Fr Joseph Peter Kenny (aka AveJoe or Alhaji) has passed on. He died on the Feast of St Thomas Aquinas, 28th January, 2013. He was originally from the Central Province of St Albert the Great, USA but he has lived and worked all his life in the Province of St Joseph the Worker, Nigeria and Ghana, specifically, at Ibadan, the House of Formation of the Province.
Fr Kenny was born on the January 12, 1936. He made his First Profession in the Order in 1957 and was ordained to the priesthood in 1963. Soon after his ordination, he was assigned to Nigeria in November 1964. That assignment became a permanent one because he spent his entire life in Nigeria and was always proud to say he was a citizen of both the USA and Nigeria.
He started his studies at the Aquinas Institute, River Forest, where he studied Philosophy and Theology. He also studied at Aquinas Institute Dubuque, Pontifical Institute of Arabic Studies, Rome, University of Tunis and University of Edinburgh. He was a foremost expert in Islamic and Arabic Studies.
With his expertise, he taught in various institutions in Nigeria and other parts of Africa. He retired as a full professor and Head of Department of Religious Studies from the University of Ibadan, Nigerias premier university. He was one of the founding fathers of the Dominican Institute, the Center of Institutional Studies of the Nigerian Province and taught there all his life. Even in his retirement and to the point of his death, he laboured earnestly for the realization of the Dominican University Project of the Province.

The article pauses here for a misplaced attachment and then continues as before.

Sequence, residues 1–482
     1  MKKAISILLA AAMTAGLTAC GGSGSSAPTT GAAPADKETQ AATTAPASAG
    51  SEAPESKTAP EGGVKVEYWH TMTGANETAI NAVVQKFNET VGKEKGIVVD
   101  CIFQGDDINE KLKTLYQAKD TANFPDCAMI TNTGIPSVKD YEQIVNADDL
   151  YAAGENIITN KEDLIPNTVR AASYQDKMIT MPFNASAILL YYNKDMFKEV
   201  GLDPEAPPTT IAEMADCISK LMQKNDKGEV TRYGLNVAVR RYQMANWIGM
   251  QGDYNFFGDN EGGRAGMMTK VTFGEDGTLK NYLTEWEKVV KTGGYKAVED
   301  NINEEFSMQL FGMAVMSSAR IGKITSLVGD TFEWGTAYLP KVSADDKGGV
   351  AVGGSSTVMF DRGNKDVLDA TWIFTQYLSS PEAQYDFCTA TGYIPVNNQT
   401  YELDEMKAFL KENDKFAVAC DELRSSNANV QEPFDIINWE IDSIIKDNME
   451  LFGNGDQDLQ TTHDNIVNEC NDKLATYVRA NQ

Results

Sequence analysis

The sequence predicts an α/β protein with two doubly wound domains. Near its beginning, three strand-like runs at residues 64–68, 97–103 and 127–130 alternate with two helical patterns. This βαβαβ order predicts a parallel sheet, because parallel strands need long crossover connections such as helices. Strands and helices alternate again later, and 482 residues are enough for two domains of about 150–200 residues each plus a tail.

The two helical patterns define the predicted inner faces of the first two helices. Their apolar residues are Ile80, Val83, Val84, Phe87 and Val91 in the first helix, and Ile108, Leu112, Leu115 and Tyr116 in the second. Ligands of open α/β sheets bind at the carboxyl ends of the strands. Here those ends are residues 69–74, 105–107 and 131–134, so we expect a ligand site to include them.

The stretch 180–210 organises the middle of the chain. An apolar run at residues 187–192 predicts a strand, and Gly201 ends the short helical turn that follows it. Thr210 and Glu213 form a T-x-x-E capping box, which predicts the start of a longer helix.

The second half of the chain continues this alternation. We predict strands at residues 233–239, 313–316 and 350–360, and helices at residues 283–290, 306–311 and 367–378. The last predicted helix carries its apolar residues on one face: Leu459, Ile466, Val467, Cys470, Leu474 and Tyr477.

Practically every brother of the province passed through him during their formation. Till his death, he was an epitome of assiduous studies to all the brothers and an example of radical poverty. He has written several books and over 200 articles on various areas of theology and philosophy, Thomism, metaphysics, liturgical music, Islam, inter-religious dialogue and various other social issues. He was a lover of Liturgical Music especially Gregorian chants. To complement this interest, was his excellence on the piano. He will also be remembered for his hobby of bee-keeping. At a time, the honey from his bees served as a great source of income for the community.
As an expert in Islam, he served in various capacities on various commissions for Inter-Religious Dialogue for the Catholic Bishops Conference of Nigeria and the Association of Episcopal Conference of West Africa. He had a reading and speaking knowledge of the following languages, most of which were on the expert grade: English, Latin, Greek, Hebrew, Italian, French, German, Spanish, Hausa, Arabic, Yoruba, Dutch, and Portuguese.
Fr Kenny will be greatly missed by all the brothers. It is not a coincidence that he died on the Feast of St Thomas Aquinas. While he was alive, he studied, wrote and taught St Thomas extensively. There is no doubt that St Thomas himself will be at hand to welcome him into the beatific realm. May his soul rest in perfect peace.